Book Reviews

Book Review: The Frame-Up (The Golden Arrow #1) by Meghan Scott Molin

Book Blurb:

By day she writes comic books. By night, she lives them.

MG Martin lives and breathes geek culture. She even works as a writer for the comic book company she idolized as a kid. But despite her love of hooded vigilantes, MG prefers her comics stay on the page.

But when someone in LA starts recreating crime scenes from her favorite comic book, MG is the LAPD’s best—and only—lead. She recognizes the golden arrow left at the scene as the calling card of her favorite comic book hero. The thing is…superheroes aren’t real. Are they?

When the too-handsome-for-his-own-good Detective Kildaire asks for her comic book expertise, MG is more than up for the adventure. Unfortunately, MG has a teeny little tendency to not follow rules. And her off-the-books sleuthing may land her in a world of trouble.

Because for every superhero, there is a supervillain. And the villain of her story may be closer than she thinks…

Published Dec. 2018 by 47North

Book Review:

I’m probably going into this review a teensy-weensy bit biased. Superheroes? Vigilantes? Murder?? Yeah, this is so right up my alley, it might as well have a giant flashing neon sign declaring this to be Eliza’s Alley.

It ticks off everything I love about nerd culture. The inclusion, the passion, the sense of self. All while not sugar-coating the bad (I am a girl, after all, and sad to say, I’ve been on the receiving end of some prejudice based on my gender). Using that culture as a backdrop to a mystery that left me turning pages long into the early morning hours, plus a sizzling romance that left me grinning and fist-pumping for MG? Frak yeah.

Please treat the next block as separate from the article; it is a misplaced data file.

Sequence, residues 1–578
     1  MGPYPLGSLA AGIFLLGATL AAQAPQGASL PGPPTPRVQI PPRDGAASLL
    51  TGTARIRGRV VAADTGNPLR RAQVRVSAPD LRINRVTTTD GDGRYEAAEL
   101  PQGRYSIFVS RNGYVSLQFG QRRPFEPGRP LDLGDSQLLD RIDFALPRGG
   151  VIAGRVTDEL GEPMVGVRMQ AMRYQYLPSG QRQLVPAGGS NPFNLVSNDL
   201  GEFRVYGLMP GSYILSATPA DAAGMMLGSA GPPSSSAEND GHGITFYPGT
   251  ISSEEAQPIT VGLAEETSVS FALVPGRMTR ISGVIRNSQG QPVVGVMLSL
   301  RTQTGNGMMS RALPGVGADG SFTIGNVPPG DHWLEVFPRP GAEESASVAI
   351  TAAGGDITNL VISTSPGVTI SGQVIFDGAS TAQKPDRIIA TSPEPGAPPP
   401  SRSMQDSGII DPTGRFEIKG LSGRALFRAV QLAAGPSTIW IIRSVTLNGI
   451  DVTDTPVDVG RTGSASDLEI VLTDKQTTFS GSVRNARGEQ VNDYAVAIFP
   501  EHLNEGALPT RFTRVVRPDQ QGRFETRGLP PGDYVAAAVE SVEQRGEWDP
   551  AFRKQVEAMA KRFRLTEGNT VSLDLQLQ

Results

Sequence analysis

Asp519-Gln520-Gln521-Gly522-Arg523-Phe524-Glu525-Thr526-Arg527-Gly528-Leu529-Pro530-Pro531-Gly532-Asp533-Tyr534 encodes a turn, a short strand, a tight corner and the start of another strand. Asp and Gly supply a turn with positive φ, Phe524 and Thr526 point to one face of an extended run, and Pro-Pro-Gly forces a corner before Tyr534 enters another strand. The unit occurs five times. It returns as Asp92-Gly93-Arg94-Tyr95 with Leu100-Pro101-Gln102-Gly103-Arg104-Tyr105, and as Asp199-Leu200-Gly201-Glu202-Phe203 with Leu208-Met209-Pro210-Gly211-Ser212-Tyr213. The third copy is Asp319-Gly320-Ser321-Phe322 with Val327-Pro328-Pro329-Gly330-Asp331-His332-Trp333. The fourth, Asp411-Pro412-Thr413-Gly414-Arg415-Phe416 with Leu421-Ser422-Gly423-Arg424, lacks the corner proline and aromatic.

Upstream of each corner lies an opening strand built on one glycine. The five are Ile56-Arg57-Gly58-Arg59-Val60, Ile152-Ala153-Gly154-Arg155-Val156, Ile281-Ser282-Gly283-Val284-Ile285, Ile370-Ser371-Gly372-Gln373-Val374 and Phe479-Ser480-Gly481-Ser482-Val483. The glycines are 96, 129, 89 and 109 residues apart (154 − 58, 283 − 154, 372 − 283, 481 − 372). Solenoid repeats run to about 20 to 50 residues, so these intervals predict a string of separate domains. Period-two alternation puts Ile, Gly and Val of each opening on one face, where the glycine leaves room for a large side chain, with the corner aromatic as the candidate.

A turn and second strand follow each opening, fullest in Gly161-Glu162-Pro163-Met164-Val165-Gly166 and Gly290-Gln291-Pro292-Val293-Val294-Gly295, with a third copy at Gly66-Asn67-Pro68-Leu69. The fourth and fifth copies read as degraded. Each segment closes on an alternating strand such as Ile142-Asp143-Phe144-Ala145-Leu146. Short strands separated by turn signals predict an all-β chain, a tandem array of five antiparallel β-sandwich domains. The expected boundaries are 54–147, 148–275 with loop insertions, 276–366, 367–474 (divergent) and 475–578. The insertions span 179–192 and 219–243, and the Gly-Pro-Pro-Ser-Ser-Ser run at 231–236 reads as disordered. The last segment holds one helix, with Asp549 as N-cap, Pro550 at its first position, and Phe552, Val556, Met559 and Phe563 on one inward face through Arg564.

I loved how the culture itself became a sort of character that our cast interacted with. You’ve read books where the scene plays a part in the narrative? Like the Stanley Hotel in The Shinning or even the Enterprise in Star Trek? The fandom culture itself takes on a similar role here, affecting character interactions and advancing the plot. Which, I have to say, is beautifully done. Meghan Scott Molin does a brilliant job in exposing the nerd culture: the good, the bad, and the ugly, but in a way that leaves the reader wondering about their own personal fandoms and passions. Which, essentially, is what nerd culture is all about–following your dreams. It’s a wonderful homage to a culture I consider my own.

Not to mention the cast. MG, Lawrence, Matteo, Ryan–they all seem so real and wonderfully developed. There are flaws, strengths, quirks, and flavor to each person. So much so that I seriously considered trading up my friend group (sorry, guys!) in search of a similar troupe to adopt. Even the villain, when revealed, has motives that move beyond the black/white scope mysteries so often employ.

There are plenty of wonderful components to this novel (the humor, the voice, the plot) but I have to pick Molin’s familiar and obvious love of nerd culture and her characters as my top two favorite parts. And, pleasantly, I didn’t find anything seriously wanting in the story. Sure, some parts seemed a bit soap opera-y (everyone knew everyone, which seemed farfetched) but that only added to its unique charm. But given how utterly entranced I was in the narrative, I’m giving it a solid five out of five. There’s not a single thing I would change about this story. I love it in the very center of my nerd bones and you better believe I’ve already downloaded the second in the series!

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